Iraq Attacks Israel at the Red Sea

Image of a drone launched by the Iraqi Islamic Resistance toward Haifa airport, on Wednesday
Screengrab/Resistance Media

Iraq Attacks Israel at the Red Sea

One more sign that Iraq has fallen to Iran

A drone struck Israel’s naval base at the southern port of Eilat, Israel, on April 1. There were no casualties, but the strike caused light damage to a hangar. But the drone’s real significance lies in where it came from: Iraq.

The Islamic Resistance in Iraq (iri), an umbrella group of Iran-backed radical Shiite militias, took credit for the attack. The iri apparently sent the drone from Iraq and through Jordanian and Israeli air space without being detected.

The iri claims to resist the America-led world order in the Middle East and Zionist “defilement” of the Holy Land. Some of its main militias also form the Popular Mobilization Forces (pmf). The pmf is also an umbrella group of Iran-backed Shiite militias, but it is a branch of the Iraqi Armed Forces. There is a lot of overlap between the two groups’ membership. Iraq formed the pmf in 2014 to control the Shiite militias helping to defeat the Islamic State insurgency. Some of those militias formed the iri to attack the West without implicating Iraq as a whole.

Iran also sponsors Hamas in Gaza, Hezbollah in Lebanon and the Houthis in Yemen. Since Hamas’s October 7 terror attack, Iran’s other proxies have joined the fray, including the iri. The drone attack was not the first the iri has claimed. The iri’s connections with the pmf technically means the Iraqi government is attacking Israel.

This doesn’t mean we can expect full-on war between Iraq and Israel. Formalities aside, the pmf’s loyalties are to Iran before any leader in Baghdad. Neither Iraq nor Israel want a direct conflict. But the fact that the iri could send a drone all the way to Eilat without detection shows how powerful it has become and how serious of a danger it could pose to Israel.

This isn’t the only big news to come from Iraq on April 1. Kataib Hezbollah, one of the iri’s militias (not directly connected to the more infamous Lebanese Hezbollah), claimed to be setting up a new terrorist group in Jordan. Spokesman Hussein Moanes claimed the group is prepared to “equip” 12,000 “Islamic Resistance in Jordan” terrorists with weapons so that Iraqi and Jordanian terrorists can fight Israel. This is the first time Iran or its proxies have mentioned an entity by that name.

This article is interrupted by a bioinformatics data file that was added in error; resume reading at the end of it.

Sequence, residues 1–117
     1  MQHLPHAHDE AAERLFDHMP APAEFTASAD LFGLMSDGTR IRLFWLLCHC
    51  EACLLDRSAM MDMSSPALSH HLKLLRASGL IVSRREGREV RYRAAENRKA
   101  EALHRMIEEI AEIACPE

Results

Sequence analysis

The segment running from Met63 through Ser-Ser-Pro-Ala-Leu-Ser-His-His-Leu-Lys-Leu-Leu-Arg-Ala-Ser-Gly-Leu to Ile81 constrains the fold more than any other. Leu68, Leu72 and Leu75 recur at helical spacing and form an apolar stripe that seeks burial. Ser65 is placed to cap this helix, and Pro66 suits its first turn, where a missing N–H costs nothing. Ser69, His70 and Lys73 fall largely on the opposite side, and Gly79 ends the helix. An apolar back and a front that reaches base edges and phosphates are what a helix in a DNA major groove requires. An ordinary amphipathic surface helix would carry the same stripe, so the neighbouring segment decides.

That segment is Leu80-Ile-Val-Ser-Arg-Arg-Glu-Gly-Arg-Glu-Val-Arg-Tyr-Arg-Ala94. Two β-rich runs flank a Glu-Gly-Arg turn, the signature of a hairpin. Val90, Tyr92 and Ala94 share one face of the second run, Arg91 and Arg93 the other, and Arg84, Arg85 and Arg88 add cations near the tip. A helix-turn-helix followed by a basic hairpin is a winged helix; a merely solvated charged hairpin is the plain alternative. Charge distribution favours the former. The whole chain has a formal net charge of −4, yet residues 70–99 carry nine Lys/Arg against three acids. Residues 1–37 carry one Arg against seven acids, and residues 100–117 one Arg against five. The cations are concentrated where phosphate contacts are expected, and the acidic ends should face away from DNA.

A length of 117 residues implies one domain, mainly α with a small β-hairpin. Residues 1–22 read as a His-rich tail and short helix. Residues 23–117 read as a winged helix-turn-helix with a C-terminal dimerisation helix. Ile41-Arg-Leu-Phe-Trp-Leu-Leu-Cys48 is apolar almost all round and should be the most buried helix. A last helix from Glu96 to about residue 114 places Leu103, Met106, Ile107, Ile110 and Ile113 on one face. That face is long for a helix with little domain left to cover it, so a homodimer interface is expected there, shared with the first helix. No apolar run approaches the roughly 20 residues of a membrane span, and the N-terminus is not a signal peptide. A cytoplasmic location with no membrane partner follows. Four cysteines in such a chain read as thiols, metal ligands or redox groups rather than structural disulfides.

As far as Arab states go, Jordan is fairly stable. It has a strong centralized government that keeps the lid on radical Islam. But 12,000 terrorists supplied by an Iranian proxy—right on the border with Israel proper and the West Bank—is a chilling thought. It’s hard to verify Kataib Hezbollah’s announcement. But thousands of Hamas-sympathizing Jordanians have been protesting—some violently—outside Israel’s embassy in Amman since March. The war seems to be driving some Jordanians to join the fight against Israel.

This announcement coming from the Islamic Resistance in Iraq shows how powerful Iran’s proxies in the country have become.

News analysts speak of Iraq’s Shiite militias as if it is normal to be the country’s biggest disruptors. This wasn’t the case until very recently. Iraq under Saddam Hussein was a powerful opponent of Iran. After his ouster, America was Iraq’s most significant power player. But the pmf and iri make Iraq little more than an Iranian puppet state. As far as Israel is concerned, it is a powerful and dangerous one.

“That these members of the Iraqi military are so obviously fighting for Iran shows how far Iraq has gone to being subservient to Iran,” we wrote in our February Trumpet issue. “But this is only the tip of the iceberg. In almost every facet of society—government, politics, economics, the military—Iraq has fallen to Iran, and in a remarkably short period of time.”

Expect Iran to consolidate its conquest of Iraq and continue using it as a launchpad for terrorism. This will increase until an outside actor puts a stop to it.

To learn more, read our article “He Was Right About Iraq.”